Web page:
Why car rentals may leave you deflated
If you’re anything like me, it will be one of the last things you sort out before travelling overseas, particularly if you’re going home for a couple of weeks: hiring a car.
It’s a necessary evil for me, as my family lives about a 90-minute drive from Manchester Airport in the UK and the same goes for Mrs Hackett. That, combined with the fact that they all live about half an hour from each other in all directions, means we need to be independently mobile and on Anglesey, as in many parts of rural Britain, public transport is rarely anything other than a bus service that is sporadic at best. We need a car when we’re on holiday.
And so it was, a week ago, that I entered into my annual battle of wills at the car rental desk – the default company because, whenever I bother to check, it’s the least expensive.
And, like every year since I relocated to the UAE, this battle of wills was with a rather po-faced woman whose name escapes me, unlike her demeanour and her steely determination to squeeze as much money as possible from my cold, lifeless hands.
I thought I’d been clever this year by booking the car through Emirates’ own website after my flight tickets were emailed to me.
I thought, incorrectly, that because I’d signed up for proper insurance cover this time, that my costs would not increase by a single penny. But as this woman verbally destroyed every bit of self-confidence left in me, I realised the hard way that this wasn’t to be the case.
My insurance, which was arranged and paid for through a third party, was dismissed as basically worthless. Yet I’d paid the equivalent of more than Dh1,000 for the cover.
She said that in the event of any accident or damage, I would still be liable for the cost of repairs, and that I would have to claim these costs back from the company that insured me. Even writing this now is making my blood boil – why can’t it be a simple, transparent process to pay a company for the use of a car over a given number of days? What she wanted me to pay for insurance, for a two-week rental, was more than I used to pay annually for my own car when I lived in the UK.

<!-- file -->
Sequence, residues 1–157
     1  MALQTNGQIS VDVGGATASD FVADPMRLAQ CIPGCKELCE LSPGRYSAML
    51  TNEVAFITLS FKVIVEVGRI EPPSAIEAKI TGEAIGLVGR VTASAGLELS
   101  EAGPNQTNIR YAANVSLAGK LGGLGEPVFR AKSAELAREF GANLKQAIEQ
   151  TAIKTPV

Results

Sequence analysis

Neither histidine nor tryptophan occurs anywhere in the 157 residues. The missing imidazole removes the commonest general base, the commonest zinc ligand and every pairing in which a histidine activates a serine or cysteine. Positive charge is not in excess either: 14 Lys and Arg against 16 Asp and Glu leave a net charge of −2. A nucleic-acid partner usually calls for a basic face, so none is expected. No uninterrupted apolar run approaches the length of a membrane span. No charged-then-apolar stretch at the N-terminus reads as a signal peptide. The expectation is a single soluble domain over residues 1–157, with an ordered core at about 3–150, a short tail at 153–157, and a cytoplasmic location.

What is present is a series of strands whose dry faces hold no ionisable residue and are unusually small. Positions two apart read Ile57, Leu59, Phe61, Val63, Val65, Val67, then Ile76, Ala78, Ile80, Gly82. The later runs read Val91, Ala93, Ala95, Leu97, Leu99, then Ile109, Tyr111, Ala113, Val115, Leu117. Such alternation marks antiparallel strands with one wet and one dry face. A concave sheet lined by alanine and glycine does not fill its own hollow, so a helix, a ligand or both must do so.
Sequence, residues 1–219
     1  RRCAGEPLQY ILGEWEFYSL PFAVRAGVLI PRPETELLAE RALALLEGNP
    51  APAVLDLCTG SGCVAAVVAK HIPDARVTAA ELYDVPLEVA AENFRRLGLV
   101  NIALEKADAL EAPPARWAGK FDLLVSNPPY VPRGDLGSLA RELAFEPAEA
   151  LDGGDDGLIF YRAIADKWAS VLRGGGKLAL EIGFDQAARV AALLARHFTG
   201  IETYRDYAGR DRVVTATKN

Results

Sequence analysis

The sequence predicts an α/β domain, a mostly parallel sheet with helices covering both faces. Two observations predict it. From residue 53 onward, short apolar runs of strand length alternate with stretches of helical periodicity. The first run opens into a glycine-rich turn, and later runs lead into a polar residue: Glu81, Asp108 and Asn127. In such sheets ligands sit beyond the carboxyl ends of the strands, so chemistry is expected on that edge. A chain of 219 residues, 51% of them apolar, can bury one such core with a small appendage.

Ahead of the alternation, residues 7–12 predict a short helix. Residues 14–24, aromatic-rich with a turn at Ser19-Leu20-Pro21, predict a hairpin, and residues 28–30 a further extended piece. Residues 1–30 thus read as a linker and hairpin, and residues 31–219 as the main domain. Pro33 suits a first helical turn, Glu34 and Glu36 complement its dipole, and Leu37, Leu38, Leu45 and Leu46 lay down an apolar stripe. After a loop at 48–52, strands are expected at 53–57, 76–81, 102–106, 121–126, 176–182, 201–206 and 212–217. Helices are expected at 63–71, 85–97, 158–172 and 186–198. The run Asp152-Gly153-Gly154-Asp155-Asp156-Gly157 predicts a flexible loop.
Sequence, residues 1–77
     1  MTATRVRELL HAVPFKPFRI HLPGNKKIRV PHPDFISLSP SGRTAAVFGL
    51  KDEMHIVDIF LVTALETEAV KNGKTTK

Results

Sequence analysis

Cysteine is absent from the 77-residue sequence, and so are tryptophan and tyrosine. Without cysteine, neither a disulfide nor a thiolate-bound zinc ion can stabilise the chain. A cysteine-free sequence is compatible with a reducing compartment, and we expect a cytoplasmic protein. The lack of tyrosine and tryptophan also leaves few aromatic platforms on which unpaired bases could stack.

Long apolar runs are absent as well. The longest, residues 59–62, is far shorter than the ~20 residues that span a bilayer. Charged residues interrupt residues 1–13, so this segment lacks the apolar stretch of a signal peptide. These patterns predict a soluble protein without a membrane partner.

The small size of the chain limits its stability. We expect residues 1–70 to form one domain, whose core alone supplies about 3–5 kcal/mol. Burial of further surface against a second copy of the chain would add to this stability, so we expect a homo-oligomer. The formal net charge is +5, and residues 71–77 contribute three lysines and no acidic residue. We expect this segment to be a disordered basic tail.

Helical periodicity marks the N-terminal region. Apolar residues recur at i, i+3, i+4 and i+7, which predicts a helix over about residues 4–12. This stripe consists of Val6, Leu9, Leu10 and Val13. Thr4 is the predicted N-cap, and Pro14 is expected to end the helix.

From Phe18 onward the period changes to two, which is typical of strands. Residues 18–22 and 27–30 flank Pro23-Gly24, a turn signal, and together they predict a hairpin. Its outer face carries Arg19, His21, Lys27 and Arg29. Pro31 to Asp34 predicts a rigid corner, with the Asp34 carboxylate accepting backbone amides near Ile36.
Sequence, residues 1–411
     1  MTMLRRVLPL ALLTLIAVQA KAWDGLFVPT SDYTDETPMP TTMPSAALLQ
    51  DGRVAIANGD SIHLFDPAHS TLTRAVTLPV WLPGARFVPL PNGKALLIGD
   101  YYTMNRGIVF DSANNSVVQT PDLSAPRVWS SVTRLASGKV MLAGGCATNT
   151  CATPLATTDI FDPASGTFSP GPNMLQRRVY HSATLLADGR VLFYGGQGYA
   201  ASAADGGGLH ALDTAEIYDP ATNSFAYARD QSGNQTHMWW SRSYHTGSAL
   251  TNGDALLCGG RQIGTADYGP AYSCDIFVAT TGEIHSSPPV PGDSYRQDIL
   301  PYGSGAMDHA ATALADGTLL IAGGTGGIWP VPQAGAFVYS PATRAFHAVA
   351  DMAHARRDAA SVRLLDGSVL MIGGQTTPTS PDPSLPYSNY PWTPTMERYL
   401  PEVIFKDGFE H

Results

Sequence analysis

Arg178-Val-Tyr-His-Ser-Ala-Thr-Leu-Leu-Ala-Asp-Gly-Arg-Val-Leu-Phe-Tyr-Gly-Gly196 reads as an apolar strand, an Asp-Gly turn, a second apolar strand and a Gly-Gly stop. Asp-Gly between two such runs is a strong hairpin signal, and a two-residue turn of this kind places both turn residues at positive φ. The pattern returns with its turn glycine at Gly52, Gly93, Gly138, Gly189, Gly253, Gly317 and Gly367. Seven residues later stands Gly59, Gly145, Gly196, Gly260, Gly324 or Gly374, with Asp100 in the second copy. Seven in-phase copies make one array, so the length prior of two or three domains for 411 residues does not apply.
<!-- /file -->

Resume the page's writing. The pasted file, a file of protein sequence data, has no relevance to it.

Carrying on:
She battered me to the point where I was prepared to pay the money just to shut her up, but I only relented when it came to covering breakdown recovery. And I only did that because, this year, my wife will also be using the car to get around and I didn’t want any grief if she had a blowout or worse.
That cost me an extra Dh300, which I reasoned was value for money for the peace of mind it offered.
It’s bad enough in the UK, where consumer rights are always high on the agenda, but it’s much worse in other countries, where you basically hand over your life’s savings at the rental desk in return for a beaten up machine that’s worth less than your rental costs.
This happened to me on a visit to Jordan once, as I foolishly thought that international companies and all the rest of them adhered to the same standards of whatever country you happen to be in. What I ended up hiring was little more than an expensive lesson in safety.
When you emerge from the fuselage of a plane after a long flight, with all your luggage and an exhausted spouse in tow, the last thing you want to be doing is looking over the small print of a rental agreement and arguing the toss over how much money you should be paying.
But the problem appears to be getting worse rather than better, especially when it comes to fuel surcharges if you return a car with anything other than a tank that’s full to bursting.
Next year, I’ve promised myself, I’ll get it sorted well in advance to avoid any unpleasant surprises. But I probably won’t, so I’d best start putting the money to one side right now.
Updated: July 23, 2015 04:00 AM